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6 Good Reasons to Read to Your Kids

You may be surprised at some of them!

When my publisher asked me to write an article about children's books that would be especially helpful to ADHD kids and their parents, I thought it was a terrific idea. Whether a child has an ADHD diagnosis or not, research has shown that reading books--either alone or with a parent--has a calming effect on children. But helping a child become calm is only one of the many good reasons for parents to make reading with their child a priority.

Here are 6 good reasons to read to and with children.

1. Reading has a calming effect on kids.

2. Reading with a parent inspires a love of reading in kids. A love of reading helps a child succeed throughout her school years.

3. Reading stimulates a child's imagination and creativity.

4. Reading is a much better influence on children than watching television or playing video games. Too much television and/or video games can over-stimulate a child's brain and make him hyperactive (electronic screen syndrome).

5. When a parent reads to and with a child, the parents are providing a good role model. Parents are the most important influence on a child and kids tend to imitate their parents' behavior.

6. Books can give a child important insights about himself, especially if he believes that there is something "wrong" with him.

This last reason is my focus in the article I wrote for my publisher's website. (To read the original article click here). Kids who are over active or inattentive at school can benefit from books about kids like themselves.

A book like Mrs. Gorski, I think I have the Wiggle Fidgets helps a child understand his fidgety behavior in a new light. The book is about a boy named David who has so many interesting ideas that it’s hard to pay attention to his teacher Mrs. Gorski. David prefers to daydream and invent exciting science experiments, which unfortunately don’t always turn out as expected.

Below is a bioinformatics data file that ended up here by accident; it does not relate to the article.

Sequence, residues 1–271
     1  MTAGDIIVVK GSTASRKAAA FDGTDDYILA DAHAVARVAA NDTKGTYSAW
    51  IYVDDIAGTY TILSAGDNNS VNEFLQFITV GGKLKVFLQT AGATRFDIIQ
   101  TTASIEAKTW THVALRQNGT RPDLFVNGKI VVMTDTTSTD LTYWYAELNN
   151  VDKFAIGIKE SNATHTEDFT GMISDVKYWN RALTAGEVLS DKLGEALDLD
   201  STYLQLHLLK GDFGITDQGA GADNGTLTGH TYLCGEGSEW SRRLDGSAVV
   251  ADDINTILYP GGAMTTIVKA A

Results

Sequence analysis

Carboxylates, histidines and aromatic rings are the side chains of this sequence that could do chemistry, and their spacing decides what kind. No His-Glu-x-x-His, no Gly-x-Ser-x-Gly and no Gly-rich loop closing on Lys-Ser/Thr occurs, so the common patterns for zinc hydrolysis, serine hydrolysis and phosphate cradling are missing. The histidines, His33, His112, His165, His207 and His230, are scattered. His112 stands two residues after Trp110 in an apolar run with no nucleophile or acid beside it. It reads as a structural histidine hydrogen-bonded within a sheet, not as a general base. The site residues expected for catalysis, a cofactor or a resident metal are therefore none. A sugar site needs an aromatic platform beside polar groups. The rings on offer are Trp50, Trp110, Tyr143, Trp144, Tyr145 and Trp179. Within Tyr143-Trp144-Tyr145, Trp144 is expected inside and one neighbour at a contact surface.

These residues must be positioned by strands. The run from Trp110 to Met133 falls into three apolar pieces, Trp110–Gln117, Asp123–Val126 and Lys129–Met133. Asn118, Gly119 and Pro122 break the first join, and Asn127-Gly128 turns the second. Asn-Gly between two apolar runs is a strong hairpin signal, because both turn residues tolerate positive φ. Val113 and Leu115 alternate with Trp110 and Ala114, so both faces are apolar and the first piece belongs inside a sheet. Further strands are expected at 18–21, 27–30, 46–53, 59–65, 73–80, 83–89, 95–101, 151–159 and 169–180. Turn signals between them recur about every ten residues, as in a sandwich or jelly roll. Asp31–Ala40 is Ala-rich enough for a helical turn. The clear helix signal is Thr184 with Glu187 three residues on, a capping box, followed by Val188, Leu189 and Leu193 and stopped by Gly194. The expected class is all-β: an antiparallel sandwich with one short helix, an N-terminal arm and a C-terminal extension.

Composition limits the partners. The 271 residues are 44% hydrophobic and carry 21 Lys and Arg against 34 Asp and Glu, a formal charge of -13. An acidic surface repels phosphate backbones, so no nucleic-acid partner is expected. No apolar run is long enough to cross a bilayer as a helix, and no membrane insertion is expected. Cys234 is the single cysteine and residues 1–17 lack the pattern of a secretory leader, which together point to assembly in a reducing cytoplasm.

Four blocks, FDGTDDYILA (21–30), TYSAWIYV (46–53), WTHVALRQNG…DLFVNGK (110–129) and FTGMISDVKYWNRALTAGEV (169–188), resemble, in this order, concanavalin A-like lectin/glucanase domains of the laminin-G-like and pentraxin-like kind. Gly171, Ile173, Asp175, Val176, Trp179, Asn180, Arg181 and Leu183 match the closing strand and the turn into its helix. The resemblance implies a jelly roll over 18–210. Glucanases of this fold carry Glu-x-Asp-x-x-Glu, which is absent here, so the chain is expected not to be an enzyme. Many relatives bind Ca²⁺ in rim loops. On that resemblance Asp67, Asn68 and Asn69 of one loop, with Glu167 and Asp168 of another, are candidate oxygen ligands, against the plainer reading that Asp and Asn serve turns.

Luckily, David’s father believes that there’s nothing "wrong" with his son; he believes that David only has the “wiggle fidgets” just like he had when he was a boy. With his father’s support, David begins to use his inventive imagination to come up with strategies to “cure” the wiggle fidgets.

Another book that can empower a child labeled as ADHD, is This Morning Sam went to Mars: A Book about Paying Attention. This book is about a boy named Sam who daydreams in class and has a hard time finishing his school work.

Sam’s father takes him to a doctor who encourages the child, telling him that he has a powerful brain and will do great things in life. The doctor recommends eating “superfoods” (like blueberries, broccoli, and milk) instead of junk food and getting at least nine hours of sleep every night. She also gives Sam some tips on how to stay organized. It takes

Sam and his parents need a little time to put the doctor's recommendations into action, but soon Sam is doing much better at school. Again, this book empowers a child tagged with ADHD without making him feel like he has an illness or a mental disorder. And research shows that a healthy diet rich in fresh foods without artificial colorings or preservatives can have a calming influence on hyperactive kids.

These books are especially important because new studies reveal that a child who is easily distracted may in fact be a creative genius. A distracted child may in fact have "Attention Deficit Creativity Disorder" instead of ADHD. Instead of being "disordered" an inattentive child may be gifted.

All in all, selecting books that empower a child and inspire him to think about himself and the world are one of the greatest gift that parents can give.

Copyright © Marilyn Wedge, Ph.D.

Dr. Marilyn Wedge is a practicing family therapist and the author of A Disease called Childhood: Why ADHD became an American Epidemic.

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